One of the more difficult aspects to swallow regarding the un-level playing fields of the 2004 Presidential Election Campaign were rather scurrilous claims regarding Senator John Kerry’s Vietnam War record. They proved to be totally unfounded but only after they had caused unrepairable damage. At the very same time there questions were raised about the service record of the other candidate, the sitting President George Bush, who had managed to avoid fighting overseas completely by opting for a much safer role in the Air National Guard.
When Mary Mapes a senior Producer at CBS who was responsible for the prestigious 60 Minutes TV Program led by veteran newsman Dan Rather, got wind of a potential story about Bush managing to avoid even his easy stint with the Guard, she started a whole investigation. With the approval of the Network’s bosses, and encouraged by Rather, she got together a small very experienced team to check out documents purportedly from the files of Bush’s commanding officer, the late Lieutenant Colonel Jerry B Killian that confirmed that Bush had been been AWOL for most of his alleged military service. Mapes had learned that the then-Texas Lieutenant Governor Ben Barnes had admitted making phone calls to get Bush into the Guard, as he claimed to have done for the children of several other influential Texans. The story was that Bush had received preferential treatment in passing over hundreds of applicants to enlist in the Texas Air National Guard in order to avoid being drafted and sent to fight in Vietnam after he had graduated from Yale in 1968.
When the 60 Minute team had gathered substantial evidence supporting the claims their aired their findings in a special edition of their show, but before Rather and Mapes could even celebrate their major news coup, they were immediately subject to some to some very virulent criticism. It all focused on the actual authenticity of the documents that they had received from Bill Burkett, who was a retired Lt. Colonel with the Guard. Suddenly there was a very aggressive and effective campaign mounted to discredit the entire 60 Minute Team by some very influential and important political figures simply by rubbishing the validity of the evidence. It eventually resulted in Rather prematurely ending his distinguished career in disgrace and ignominy, and Mapes and her entire team being fired.
This new feature film from screenwriter-turned-director James Valentine is based on a memoir by Mary Mapes so it is fair to assume that as the story is told from her point of view that she rightly comes out of this as the heroine of the piece. What she insists on repeating was the fact that not once during this whole debacle did the debate ever touch on the more important issue and the crux of the whole matter which was the fact that the President shirked his easy and privileged duties, from which he even managed to get released from early to go to Harvard. The opposition was always about the technicality of the evidence thus ensuring that the conversation remained firmly on that and that alone.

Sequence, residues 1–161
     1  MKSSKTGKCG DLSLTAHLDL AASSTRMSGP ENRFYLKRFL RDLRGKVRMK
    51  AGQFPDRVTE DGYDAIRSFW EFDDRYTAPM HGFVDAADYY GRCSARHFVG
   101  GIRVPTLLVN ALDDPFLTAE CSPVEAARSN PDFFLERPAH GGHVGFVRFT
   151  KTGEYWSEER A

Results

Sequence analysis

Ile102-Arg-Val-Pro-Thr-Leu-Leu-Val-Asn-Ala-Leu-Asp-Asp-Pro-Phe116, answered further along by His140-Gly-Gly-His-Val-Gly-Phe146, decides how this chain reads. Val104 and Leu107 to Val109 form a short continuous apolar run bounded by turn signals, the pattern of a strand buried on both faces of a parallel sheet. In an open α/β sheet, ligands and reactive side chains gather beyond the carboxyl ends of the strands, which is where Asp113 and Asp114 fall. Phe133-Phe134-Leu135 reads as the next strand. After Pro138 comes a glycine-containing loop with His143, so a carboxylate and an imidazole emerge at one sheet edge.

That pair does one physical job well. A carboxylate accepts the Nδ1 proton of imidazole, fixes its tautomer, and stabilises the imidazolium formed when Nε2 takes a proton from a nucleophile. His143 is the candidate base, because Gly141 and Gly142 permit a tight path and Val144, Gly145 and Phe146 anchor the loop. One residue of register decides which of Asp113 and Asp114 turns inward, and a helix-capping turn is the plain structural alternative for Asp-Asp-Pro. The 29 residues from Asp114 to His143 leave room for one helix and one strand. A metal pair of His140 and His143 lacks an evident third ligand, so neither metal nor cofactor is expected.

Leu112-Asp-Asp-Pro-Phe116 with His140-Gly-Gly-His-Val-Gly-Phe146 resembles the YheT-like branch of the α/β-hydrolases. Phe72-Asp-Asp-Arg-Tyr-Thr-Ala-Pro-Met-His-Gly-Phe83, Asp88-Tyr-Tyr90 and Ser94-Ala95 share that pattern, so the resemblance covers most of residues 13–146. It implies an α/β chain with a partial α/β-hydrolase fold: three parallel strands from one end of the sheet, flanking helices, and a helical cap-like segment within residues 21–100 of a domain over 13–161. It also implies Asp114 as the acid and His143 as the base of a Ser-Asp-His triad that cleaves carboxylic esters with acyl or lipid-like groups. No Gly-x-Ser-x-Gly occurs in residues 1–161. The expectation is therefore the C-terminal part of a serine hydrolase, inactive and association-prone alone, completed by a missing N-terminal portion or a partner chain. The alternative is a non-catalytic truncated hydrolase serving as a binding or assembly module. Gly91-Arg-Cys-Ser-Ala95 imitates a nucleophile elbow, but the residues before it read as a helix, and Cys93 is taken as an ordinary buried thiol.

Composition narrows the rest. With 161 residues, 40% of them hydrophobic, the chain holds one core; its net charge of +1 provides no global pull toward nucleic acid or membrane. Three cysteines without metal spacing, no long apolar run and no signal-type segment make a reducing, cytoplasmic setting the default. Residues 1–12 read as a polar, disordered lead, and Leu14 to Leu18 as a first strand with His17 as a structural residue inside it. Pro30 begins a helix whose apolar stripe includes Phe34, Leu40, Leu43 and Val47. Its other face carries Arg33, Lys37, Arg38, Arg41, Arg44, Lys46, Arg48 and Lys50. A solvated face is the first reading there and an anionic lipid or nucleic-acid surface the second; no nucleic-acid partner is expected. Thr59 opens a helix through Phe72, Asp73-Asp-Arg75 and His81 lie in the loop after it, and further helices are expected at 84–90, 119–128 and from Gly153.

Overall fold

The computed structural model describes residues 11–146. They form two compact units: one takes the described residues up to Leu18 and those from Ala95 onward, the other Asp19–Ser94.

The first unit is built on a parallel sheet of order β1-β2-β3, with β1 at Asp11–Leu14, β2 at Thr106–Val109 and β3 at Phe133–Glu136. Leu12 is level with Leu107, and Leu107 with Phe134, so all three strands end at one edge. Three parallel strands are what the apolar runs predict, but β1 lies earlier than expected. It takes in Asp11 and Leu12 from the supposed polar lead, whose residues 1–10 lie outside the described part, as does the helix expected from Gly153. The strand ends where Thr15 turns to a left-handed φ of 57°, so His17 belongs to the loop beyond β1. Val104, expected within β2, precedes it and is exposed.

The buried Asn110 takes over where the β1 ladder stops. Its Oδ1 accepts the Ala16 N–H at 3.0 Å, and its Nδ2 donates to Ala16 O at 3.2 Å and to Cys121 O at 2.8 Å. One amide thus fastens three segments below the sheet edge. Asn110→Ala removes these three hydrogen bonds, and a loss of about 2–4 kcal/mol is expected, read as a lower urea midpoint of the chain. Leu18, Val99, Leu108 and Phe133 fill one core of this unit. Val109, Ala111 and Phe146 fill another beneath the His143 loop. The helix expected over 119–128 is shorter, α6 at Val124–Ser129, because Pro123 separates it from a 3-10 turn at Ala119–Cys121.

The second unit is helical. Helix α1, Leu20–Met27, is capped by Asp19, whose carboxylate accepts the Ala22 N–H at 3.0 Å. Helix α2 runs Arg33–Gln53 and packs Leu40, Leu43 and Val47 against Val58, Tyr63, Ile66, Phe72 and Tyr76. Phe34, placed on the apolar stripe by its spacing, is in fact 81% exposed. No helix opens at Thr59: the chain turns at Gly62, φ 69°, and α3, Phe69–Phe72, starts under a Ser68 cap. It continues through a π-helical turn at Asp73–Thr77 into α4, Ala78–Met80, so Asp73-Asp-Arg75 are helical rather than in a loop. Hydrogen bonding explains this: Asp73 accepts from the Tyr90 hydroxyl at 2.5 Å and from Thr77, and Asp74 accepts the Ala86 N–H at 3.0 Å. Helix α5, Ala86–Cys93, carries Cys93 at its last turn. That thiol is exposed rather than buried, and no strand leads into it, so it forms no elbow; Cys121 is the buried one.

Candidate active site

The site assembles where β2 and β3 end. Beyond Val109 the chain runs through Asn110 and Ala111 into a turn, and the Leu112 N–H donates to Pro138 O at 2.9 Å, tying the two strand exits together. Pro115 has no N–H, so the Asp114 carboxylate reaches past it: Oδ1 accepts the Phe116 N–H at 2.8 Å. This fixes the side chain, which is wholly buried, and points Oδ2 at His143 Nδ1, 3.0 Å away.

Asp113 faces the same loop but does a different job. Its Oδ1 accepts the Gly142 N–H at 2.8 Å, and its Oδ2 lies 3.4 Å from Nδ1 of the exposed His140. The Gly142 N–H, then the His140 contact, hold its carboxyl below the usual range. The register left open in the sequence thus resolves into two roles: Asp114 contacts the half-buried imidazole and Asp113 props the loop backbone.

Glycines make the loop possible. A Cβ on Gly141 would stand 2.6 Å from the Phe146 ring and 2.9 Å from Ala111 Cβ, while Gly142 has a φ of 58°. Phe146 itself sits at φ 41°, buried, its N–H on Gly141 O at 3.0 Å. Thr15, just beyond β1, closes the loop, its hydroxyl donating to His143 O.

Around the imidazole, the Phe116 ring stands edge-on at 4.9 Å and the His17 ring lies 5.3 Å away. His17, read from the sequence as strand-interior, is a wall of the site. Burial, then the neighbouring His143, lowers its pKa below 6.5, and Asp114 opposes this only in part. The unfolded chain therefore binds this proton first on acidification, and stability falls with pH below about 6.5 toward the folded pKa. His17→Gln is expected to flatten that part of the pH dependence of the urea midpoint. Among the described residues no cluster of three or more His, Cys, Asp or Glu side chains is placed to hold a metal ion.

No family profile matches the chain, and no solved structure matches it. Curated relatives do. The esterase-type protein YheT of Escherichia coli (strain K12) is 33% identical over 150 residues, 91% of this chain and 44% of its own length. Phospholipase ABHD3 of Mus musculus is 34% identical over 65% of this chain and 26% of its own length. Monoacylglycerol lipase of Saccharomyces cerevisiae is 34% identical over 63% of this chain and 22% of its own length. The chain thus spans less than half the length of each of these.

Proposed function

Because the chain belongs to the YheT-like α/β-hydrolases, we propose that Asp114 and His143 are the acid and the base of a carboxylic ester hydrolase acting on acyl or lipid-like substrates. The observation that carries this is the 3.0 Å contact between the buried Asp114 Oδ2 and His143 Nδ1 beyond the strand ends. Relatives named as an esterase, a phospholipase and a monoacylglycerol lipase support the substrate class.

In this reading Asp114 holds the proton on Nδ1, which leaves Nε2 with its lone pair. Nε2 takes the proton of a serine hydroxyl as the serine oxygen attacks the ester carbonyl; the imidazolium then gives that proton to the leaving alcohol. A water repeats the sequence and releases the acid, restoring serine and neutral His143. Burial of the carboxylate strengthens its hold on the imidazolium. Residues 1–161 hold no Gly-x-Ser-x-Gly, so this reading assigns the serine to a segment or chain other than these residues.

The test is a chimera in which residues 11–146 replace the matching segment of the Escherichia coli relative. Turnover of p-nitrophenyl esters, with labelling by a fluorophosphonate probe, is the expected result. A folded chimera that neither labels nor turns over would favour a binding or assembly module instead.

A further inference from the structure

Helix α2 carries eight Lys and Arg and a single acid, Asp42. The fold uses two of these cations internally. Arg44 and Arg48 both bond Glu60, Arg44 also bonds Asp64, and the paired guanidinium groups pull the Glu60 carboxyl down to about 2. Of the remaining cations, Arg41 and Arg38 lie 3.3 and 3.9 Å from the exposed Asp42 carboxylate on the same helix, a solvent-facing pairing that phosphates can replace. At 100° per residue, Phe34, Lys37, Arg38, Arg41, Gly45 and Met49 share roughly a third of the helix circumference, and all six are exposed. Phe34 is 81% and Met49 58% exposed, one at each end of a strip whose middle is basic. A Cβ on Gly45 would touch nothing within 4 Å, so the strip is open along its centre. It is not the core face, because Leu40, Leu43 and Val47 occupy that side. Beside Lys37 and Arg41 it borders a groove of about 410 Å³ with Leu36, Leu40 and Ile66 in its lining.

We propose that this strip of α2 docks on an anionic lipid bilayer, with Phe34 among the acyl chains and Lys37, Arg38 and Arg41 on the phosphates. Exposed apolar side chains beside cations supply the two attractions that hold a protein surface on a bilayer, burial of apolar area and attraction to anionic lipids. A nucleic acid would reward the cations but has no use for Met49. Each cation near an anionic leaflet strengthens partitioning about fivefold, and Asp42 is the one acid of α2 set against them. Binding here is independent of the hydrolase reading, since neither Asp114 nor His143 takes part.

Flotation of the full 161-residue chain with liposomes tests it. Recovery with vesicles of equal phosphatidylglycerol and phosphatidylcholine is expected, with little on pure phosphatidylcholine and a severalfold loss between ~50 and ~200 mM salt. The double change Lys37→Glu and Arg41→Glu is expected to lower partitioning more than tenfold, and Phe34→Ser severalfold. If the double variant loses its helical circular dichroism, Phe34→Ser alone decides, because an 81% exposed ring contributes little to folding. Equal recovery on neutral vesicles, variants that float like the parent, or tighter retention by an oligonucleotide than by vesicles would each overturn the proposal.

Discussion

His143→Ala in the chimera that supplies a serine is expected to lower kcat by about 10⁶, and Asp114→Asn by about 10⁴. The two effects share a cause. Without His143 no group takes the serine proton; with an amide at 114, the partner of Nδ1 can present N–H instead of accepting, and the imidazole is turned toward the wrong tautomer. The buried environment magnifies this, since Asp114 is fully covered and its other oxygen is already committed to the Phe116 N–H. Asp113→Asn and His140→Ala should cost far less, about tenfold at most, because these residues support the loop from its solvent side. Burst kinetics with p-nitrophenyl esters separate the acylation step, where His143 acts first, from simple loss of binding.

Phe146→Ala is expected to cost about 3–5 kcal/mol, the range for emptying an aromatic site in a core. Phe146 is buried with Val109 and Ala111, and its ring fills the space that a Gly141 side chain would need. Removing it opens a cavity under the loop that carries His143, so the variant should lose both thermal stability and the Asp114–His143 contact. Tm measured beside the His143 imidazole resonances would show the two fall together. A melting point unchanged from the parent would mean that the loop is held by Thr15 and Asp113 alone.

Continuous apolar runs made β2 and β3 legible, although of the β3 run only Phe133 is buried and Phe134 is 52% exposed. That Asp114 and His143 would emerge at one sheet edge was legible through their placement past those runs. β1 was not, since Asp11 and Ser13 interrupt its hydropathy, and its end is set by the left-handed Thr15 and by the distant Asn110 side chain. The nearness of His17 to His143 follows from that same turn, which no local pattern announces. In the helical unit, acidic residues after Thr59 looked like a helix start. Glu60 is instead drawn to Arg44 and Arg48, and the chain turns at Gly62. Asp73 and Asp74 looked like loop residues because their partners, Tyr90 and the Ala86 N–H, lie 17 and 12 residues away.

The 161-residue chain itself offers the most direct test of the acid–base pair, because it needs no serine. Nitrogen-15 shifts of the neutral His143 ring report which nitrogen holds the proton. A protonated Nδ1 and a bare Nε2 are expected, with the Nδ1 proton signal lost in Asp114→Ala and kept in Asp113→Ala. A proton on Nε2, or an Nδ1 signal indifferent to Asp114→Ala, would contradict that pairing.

This is a powerful piece of partisan shenanigans and the reliving of which no doubt will enrage people from both ends of the political specter but obviously for entirely different reasons. With a central dynamic and electrifying performance by Cate Blanchett as Mapes which is a role that she delivers with such potent force that makes this whole wretched tale so completely compelling for each of the 120 minutes. Her co-star is Robert Redford, who in one of his best performances for years, is pitch perfect as the statesman-like Rather as he plays the wise sage to his passionate and provocative producer.
The 60 Minute team is played by Dennis Quaid, Topher Grace and Elizabeth Moss, and the manipulative CBS President who bails on his News room team to save his own neck and the future of the network is played by Bruce Greenwood.
Reference is made to the fact that Mapes had been in possession of the story about Bush’s so-called military service before the 2000 election but the sudden death of her mother meant she shelved it then. This was the US Election that resulted in Bush being awarded the Presidency by the US Supreme Court after Al Gore had won the popular vote. Maybe that would have turned out differently if it made our screens back then.
Immediately prior to this drama unfolding at 60 Minutes, Mapes had produced the story that announced the US military’s investigation of the Abu Ghraib prison scandal. She won a Peabody Award for this, but the time that was announced in 2004 she has already been fired, never to work in television again.
It’s a deeply sad part of our recent history and this powerful re-telling of exactly what happened should simply not be missed by anyone.